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EMBO J. 1993 May;12(5):1847-52.

Enhanced degradation of p53 protein in HPV-6 and BPV-1 E6-immortalized human mammary epithelial cells.

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Department of Radiation Oncology, New England Medical Center Hospitals, Boston, MA.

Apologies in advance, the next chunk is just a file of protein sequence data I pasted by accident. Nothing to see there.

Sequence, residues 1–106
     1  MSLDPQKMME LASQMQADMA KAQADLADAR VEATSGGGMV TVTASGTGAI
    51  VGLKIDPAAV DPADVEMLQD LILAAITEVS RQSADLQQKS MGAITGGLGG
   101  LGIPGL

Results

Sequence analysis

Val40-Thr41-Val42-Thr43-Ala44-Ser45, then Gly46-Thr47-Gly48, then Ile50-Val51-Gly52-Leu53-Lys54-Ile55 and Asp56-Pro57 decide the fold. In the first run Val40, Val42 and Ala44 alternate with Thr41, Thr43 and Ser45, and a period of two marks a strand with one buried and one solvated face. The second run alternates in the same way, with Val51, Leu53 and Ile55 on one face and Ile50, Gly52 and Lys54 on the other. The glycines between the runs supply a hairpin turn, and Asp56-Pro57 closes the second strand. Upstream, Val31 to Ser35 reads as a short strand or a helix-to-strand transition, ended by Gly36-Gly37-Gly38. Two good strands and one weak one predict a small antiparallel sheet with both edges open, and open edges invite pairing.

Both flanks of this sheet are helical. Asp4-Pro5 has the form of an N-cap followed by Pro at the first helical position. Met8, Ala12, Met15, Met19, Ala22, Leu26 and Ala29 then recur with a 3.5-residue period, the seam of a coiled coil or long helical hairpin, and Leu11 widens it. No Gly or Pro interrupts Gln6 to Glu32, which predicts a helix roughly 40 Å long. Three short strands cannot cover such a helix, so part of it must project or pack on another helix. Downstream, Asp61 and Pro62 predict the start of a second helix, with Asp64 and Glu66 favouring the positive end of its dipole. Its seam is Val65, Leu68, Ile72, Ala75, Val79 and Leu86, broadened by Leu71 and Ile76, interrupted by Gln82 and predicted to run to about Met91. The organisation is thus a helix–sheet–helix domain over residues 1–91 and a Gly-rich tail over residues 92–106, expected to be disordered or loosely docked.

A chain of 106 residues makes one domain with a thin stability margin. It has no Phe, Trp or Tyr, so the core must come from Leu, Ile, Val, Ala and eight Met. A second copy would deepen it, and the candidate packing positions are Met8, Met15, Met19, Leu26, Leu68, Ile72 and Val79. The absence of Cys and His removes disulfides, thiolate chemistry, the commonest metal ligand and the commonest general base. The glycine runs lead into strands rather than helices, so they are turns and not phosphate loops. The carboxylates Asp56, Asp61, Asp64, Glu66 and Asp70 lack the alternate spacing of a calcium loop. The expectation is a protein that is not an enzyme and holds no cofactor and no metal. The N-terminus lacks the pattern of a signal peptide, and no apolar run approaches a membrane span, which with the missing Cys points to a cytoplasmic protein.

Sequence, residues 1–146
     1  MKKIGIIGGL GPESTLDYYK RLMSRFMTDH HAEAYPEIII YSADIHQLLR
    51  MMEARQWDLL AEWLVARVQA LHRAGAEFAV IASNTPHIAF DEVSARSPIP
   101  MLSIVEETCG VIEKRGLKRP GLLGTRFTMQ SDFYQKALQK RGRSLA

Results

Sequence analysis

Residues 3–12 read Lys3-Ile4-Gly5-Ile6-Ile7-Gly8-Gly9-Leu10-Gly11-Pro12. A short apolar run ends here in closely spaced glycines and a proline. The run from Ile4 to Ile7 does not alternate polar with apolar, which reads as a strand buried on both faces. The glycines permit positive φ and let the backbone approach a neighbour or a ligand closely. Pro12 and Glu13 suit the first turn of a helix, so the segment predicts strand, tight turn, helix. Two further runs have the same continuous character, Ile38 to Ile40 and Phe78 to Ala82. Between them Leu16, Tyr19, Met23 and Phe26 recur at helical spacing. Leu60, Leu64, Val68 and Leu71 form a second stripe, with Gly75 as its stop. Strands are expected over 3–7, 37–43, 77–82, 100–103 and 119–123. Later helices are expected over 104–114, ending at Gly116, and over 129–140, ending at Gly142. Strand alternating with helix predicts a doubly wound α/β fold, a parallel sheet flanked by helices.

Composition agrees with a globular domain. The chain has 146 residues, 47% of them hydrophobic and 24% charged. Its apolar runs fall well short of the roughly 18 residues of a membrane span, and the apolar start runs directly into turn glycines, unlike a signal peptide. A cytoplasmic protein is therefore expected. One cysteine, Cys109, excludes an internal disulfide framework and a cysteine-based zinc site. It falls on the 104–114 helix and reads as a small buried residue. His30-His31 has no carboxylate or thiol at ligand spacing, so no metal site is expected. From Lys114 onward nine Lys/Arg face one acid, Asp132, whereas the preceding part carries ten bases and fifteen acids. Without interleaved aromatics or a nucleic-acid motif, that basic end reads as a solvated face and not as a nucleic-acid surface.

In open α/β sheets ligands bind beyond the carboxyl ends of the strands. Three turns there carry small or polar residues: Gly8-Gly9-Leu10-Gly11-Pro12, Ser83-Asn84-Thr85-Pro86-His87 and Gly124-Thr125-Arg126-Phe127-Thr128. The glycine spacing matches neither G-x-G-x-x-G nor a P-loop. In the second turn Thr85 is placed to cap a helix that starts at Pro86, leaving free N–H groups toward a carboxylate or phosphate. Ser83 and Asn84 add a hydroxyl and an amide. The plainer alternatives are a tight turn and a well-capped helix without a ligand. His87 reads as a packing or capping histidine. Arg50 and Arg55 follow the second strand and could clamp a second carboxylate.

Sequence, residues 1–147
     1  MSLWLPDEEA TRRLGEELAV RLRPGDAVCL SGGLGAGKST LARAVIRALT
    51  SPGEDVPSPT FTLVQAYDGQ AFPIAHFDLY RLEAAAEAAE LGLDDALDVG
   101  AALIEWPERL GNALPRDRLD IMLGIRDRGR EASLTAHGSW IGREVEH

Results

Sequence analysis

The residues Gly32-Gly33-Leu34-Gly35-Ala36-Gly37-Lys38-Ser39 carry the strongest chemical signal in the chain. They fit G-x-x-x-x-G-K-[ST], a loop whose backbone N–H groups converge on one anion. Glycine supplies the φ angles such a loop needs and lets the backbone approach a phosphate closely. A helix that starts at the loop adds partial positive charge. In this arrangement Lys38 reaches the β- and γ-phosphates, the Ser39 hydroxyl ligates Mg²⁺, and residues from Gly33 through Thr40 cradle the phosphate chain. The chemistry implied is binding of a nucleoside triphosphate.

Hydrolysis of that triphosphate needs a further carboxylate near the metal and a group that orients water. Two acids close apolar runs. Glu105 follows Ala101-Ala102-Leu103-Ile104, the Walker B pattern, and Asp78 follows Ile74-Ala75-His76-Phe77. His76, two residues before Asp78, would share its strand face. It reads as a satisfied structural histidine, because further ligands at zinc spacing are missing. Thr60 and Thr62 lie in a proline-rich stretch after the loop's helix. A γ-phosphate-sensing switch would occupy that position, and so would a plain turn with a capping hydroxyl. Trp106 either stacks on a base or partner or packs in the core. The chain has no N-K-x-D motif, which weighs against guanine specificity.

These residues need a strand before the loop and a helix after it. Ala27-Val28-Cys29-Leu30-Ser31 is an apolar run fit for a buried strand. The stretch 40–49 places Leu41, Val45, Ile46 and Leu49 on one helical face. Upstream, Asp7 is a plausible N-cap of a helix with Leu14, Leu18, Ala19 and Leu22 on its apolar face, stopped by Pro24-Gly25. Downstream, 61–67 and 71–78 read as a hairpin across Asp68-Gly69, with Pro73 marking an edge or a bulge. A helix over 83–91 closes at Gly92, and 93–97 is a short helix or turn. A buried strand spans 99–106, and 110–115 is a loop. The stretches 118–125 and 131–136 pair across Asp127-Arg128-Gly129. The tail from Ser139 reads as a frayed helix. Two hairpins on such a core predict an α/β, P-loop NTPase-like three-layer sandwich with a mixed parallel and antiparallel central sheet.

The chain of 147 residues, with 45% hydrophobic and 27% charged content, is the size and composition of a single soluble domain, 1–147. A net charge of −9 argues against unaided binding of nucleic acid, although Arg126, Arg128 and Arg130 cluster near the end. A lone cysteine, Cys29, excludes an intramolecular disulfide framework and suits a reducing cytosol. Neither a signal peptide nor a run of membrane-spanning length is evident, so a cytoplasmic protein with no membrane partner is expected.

Normal mammary epithelial cells are efficiently immortalized by the E6 gene of human papillomavirus (HPV)-16, a virus commonly associated with cervical cancers. Surprisingly, introduction of the E6 gene from HPV-6, which is rarely found in cervical cancer, or bovine papillomavirus (BPV)-1, into normal mammary cells resulted in the generation of immortal cell lines. The establishment of HPV-6 and BPV-1 E6-immortalized cells was less efficient and required a longer period in comparison to HPV-16 E6. These HPV-6- and BPV-1 E6-immortalized cells demonstrated dramatically reduced levels of p53 protein by immunoprecipitation. While the half-life of p53 protein in normal mammary epithelial cells was approximately 3 h, it was reduced to approximately 15 min in all the E6-immortalized cells. These results demonstrate that the E6 genes of both high-risk and low-risk papilloma viruses immortalize human mammary epithelial cells and induce a marked degradation of p53 protein in vivo.

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